Utilizing multiple warehouses usually means improved order fulfillment abilities. However, it also increases the potential for mistakes.
Weighing the needs of today’s consumers is something that all retailers struggle with in some regard. Modern customers are used to the creature comforts that multiple online options. However, they don’t want to pay for this luxury.
To combat this common issue, those who operate warehouse or inventory storage facilities take the issue to their fulfillment solutions. Generally, many fulfillment centers opt for a single, centralized inventory control system. But, more and more are quickly embracing the idea of inventory decentralization.
Whether you choose to have a single facility or spread your network to a geographic or regional decentralized platform, each has pros and cons to consider.
In this blog post, we’ll take a quick peek at both centralized and decentralized inventory strategies and see how they stack up against one another.
When a manufacturer, retailer or distributor operates out of a single warehouse, this is referred to as maintaining a centralized inventory system. With the centralized system, the company can maintain fewer warehouses, keep everything in-house, and has fewer opportunities for mistakes.
This system also allows them to manage people in a closed network, does not require duplication for equipment or positions, and can save a company on non-controllable expenses such as utilities, taxes, and more.
What are the Pros of a Centralized Inventory System?
A centralized inventory is perfect for those with smaller inventory needs. For example, if a manufacturer has limited SKU’s, they can ship all products from a single facility, or partner with a 3PL fulfillment center that can allocate all shipments from an individual location.
With a centralized inventory system, since there are a single facility and limited employees, mistakes in communication or differences in operational philosophies can also be reduced.
Additionally, when orders are processed, the centralized facility that is ‘centrally’ located in the middle of your customer's shipping lanes can have more consistent delivery commitments.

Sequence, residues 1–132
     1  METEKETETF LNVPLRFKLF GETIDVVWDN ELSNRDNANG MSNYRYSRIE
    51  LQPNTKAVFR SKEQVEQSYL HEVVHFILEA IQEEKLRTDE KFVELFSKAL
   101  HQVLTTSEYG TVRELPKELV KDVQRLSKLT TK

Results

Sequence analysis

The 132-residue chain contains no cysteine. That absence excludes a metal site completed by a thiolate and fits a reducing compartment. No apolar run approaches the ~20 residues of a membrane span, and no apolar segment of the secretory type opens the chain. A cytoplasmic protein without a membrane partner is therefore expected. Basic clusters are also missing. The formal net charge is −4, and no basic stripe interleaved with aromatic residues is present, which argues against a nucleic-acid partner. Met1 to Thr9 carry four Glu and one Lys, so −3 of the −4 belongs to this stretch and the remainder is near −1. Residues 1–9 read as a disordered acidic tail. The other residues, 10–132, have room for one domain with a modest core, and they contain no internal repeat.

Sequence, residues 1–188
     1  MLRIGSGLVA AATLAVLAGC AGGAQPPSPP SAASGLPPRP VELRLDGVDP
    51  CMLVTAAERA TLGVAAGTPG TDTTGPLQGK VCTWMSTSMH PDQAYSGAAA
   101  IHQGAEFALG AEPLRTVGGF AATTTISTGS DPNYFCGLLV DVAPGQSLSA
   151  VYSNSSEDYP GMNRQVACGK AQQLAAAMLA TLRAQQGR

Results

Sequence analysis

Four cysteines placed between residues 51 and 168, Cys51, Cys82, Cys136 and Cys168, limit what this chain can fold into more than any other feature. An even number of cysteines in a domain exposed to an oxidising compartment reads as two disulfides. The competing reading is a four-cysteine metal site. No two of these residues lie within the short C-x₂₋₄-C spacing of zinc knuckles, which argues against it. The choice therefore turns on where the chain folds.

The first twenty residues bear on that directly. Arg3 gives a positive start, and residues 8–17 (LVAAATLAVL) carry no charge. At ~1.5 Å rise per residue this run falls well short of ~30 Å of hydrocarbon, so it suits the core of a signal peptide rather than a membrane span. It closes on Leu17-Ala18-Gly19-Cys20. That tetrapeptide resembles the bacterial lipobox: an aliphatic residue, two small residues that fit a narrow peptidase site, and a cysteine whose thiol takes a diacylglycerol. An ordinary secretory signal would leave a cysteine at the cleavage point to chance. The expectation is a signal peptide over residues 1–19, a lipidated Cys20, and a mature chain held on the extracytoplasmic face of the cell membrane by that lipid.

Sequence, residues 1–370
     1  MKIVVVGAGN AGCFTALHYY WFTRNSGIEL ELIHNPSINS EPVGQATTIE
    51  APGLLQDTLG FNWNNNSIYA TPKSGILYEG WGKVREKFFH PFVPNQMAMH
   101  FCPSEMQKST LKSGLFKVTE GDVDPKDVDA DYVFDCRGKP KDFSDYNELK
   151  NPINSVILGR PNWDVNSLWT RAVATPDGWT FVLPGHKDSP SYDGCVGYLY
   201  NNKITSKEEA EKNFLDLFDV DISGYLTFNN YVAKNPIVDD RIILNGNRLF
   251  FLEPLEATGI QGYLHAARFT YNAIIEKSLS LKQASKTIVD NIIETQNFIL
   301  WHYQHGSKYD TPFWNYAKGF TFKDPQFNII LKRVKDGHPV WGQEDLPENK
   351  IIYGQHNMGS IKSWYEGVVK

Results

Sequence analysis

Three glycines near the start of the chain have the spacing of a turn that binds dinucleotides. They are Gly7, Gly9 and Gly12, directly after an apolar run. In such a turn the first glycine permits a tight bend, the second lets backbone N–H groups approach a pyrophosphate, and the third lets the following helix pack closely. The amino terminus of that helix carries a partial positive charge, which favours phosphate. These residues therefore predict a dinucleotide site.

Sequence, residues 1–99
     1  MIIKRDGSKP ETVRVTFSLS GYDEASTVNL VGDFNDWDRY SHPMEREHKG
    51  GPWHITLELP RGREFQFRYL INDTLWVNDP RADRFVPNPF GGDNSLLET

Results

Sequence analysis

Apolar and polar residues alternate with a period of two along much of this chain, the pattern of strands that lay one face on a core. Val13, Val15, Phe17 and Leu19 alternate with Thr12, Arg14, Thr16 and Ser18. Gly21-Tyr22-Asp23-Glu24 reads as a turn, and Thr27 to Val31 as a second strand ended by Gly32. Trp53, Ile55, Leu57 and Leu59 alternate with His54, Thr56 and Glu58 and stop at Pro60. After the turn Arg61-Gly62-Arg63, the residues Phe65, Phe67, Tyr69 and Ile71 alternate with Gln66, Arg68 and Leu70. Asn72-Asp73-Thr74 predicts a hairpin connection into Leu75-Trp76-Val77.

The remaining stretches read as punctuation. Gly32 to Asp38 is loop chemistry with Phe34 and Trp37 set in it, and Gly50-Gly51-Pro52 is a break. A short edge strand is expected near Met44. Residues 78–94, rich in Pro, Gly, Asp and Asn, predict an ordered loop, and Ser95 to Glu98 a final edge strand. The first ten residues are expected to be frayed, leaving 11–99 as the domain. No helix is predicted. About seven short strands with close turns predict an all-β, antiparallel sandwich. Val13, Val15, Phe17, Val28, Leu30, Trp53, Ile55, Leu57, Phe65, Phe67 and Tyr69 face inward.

For example, if a retailer operates an e-commerce fulfillment center located in Denver, they can ship with similar commitment levels at roughly the same price to San Diego or Atlanta. A centralized inventory system is also most cost-effective typically, allowing a company to allocate funds to grow their business.
What is Inventory Decentralization?
The decentralized inventory system is used by shippers with customers spread throughout a large area. They use smaller, regionally-based facilities to expedite the process of shipping products to their customers.
For example, let’s say that you have frequent customers in Southern California, Chicago, and New York City. Instead of operating a single facility, you choose to maintain regional fulfillment centers in each of these three large metro areas.
By having multiple locations, you’re able to ship products to these larger metro areas quicker, cheaper, and with improved service. Additionally, these local distribution centers can also serve as customer pick-up locations. This adds another growing customer request to the multi-channel marketing machine.
Comparing Centralized and Decentralized Inventory
All inventory strategies have pros and cons that all shippers should consider before implementation. Let's take a side-by-side look at some of these...
Overall, the cost of shipping products into and out of your centralized or decentralized warehouses tends to balance over time. With inventory decentralization, a shipper will have to distribute loads between multiple facilities. Depending on volume, this means having to opt for more expensive LTL shipments. On the contrary, the centralized warehouse can order FTL supplies, as it’s more likely to have the storage to accommodate the increased volume.
Where the balance of power tends to shift to decentralized inventory is local shipping.
Responding to Customer Changes
It’s becoming more common for customers to change shipping details, such as the address for delivery, shipping windows, and other details. The decentralized inventory system gives shippers enhanced flexibility to respond to these customer changes. The regional fulfillment center simply decreases the distance to customers. This alone makes ground shipping a viable and affordable option for many customers.
Obviously, having more than a single facility to manage and maintain comes with additional operational costs. To offset this, many companies explore the advantages that 3PL fulfillment offers.
A professional 3PL such as Redwood Logistics can help a shipper determine if their network is better served to maintain an in-house, single warehouse fulfillment or outsourced.
If you’re struggling with choosing between a centralized or decentralized inventory or fulfillment system, contact Redwood Logistics for guidance.